Limited government

In political philosophy, limited government is where the government is empowered by law from a starting point of having no power, or where governmental power is restricted by law, usually in a written constitution. It is a key concept in the history of liberalism.

The Constitution of the United States presents an example of the U.S. federal government not possessing any power except what is delegated to it by the Constitution — with the Tenth Amendment to the Constitution making explicit that powers not specifically delegated to the federal government are reserved for the people and the states.

Magna Carta and the United States Constitution also represent important milestones in the limiting of governmental power. The earliest use of the term limited government dates back to King James VI and I in the late 16th century.[1] When limited government is put into practice it often involves the protection of individual liberty from government intrusion.[2]

Limited government and the United States


The original authors of the United States Constitution saw fit to limit the powers of government, as set forth in the Declaration of Independence written by Thomas Jefferson. Here, Jefferson outlined three basic statements widely adhered to by the people of the American colonies. Supporters of the Declaration believed that these statements were not sufficiently adhered to by or through the English monarchy. In order to prevent this travesty the framers of the constitution made limited government a principle tenet of the constitution. Among the assertions were that all men are created equal and are endowed by their Creator with certain unalienable rights, and that governments are instituted in order to preserve these rights. It was the colonial experience of many Americans that the English government was not adhering to these premises, and it was for this reason that the colonies saw fit to establish their own government in which all three of these assertions would be respected.[3][4]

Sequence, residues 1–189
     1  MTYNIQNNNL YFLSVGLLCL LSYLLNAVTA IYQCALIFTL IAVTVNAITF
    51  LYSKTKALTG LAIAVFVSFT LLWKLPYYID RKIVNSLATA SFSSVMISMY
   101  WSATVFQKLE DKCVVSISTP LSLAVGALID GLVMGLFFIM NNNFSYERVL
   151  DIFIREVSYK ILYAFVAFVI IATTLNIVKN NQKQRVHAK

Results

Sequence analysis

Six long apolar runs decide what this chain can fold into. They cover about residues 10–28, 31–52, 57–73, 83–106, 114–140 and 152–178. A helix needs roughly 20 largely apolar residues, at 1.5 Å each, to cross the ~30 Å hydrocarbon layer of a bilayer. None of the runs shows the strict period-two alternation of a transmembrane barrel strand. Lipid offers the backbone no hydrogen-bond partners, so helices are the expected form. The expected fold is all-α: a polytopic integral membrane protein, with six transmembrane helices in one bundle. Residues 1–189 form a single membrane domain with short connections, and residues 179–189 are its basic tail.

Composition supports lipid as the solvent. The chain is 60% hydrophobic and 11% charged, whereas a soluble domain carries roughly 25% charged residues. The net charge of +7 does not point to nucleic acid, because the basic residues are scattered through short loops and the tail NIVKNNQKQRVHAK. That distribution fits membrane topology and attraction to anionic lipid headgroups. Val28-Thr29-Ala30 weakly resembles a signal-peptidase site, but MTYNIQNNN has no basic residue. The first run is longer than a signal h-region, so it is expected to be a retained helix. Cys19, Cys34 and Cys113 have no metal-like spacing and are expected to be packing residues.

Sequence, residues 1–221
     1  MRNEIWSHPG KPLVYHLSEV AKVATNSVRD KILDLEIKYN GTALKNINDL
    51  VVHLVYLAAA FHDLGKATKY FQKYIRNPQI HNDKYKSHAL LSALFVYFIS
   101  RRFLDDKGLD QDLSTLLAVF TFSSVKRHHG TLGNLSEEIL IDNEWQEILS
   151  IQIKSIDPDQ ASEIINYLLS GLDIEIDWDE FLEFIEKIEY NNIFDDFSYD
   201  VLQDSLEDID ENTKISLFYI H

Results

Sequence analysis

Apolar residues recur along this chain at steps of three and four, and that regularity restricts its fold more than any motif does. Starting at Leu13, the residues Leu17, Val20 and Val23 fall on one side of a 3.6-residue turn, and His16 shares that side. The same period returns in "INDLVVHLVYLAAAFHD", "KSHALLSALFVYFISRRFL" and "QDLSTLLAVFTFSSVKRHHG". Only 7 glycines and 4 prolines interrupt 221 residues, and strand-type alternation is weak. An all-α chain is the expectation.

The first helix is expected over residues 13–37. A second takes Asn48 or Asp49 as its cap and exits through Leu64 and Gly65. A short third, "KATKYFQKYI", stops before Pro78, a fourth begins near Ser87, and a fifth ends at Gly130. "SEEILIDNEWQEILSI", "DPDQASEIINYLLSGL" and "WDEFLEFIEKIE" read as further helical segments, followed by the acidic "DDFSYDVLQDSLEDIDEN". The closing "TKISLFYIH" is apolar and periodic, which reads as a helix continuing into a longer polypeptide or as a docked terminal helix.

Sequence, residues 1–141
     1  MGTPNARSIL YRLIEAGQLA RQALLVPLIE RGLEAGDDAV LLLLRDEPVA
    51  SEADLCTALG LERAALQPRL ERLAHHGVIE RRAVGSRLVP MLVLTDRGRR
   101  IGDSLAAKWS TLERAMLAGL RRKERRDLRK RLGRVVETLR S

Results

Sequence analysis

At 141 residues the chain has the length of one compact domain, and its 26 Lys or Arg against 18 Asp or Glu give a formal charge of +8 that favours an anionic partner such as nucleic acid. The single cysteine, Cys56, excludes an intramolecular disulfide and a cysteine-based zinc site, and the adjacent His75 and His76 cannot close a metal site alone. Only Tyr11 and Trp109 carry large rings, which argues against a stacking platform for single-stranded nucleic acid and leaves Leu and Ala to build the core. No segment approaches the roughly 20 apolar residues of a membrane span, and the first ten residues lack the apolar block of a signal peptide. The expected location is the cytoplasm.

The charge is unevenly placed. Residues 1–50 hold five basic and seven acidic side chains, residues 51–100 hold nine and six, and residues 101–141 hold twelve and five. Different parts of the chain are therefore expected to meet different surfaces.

The Preamble to the Constitution serves to communicate the goals sought to be accomplished by specifically enumerating the powers of the United States government—the promotion of “the general Welfare” is one of these goals. The Preamble does not grant any power to the government, rather it serves to explain the limits of the delegated powers listed later in the Constitution. This is to say, in the case of the general welfare clause, that the government is not allowed to exercise its powers on a whim, rather they must be exercised for the general welfare of the country.

The Bill of Rights

With the ratification of the Constitution and the Bill of Rights came a new era of government in which the powers and restrictions of government were both explicitly outlined. The Bill of Rights added to the American Constitution, along with other constitutional amendments, limits the power of government in two ways. First, it restricts the range of governmental authority by prohibiting the government from intruding in certain areas, like religious worship or freedom of speech, and grants the government authority over specifically enumerated aspects of life, like regulating the economy and collecting taxes. Second, it sets certain procedures the government must follow when dealing with the people. Examples of this include the protection from unreasonable search and seizure of property and protection from cruel and unusual punishment for crimes for which one is convicted. The explicit outline of what the government is permitted to do and barred from doing combined with the power of common people to seek repairs for breaches of their constitutional rights is what protects the rights of the people.[3]

The Ninth and Tenth Amendments to the Constitution are examples of how the government acknowledges it does not have complete dominion over every facet of the people's lives, and that the federal government is not the only entity with governmental power in the United States. The Ninth Amendment reads “The enumeration in the Constitution, of certain rights, shall not be construed to deny or disparage others held by the people.”[5] This shows the federal government does not have the ability to infringe upon the rights of the people in any circumstance, even if the rights are not explicitly protected by the Constitution.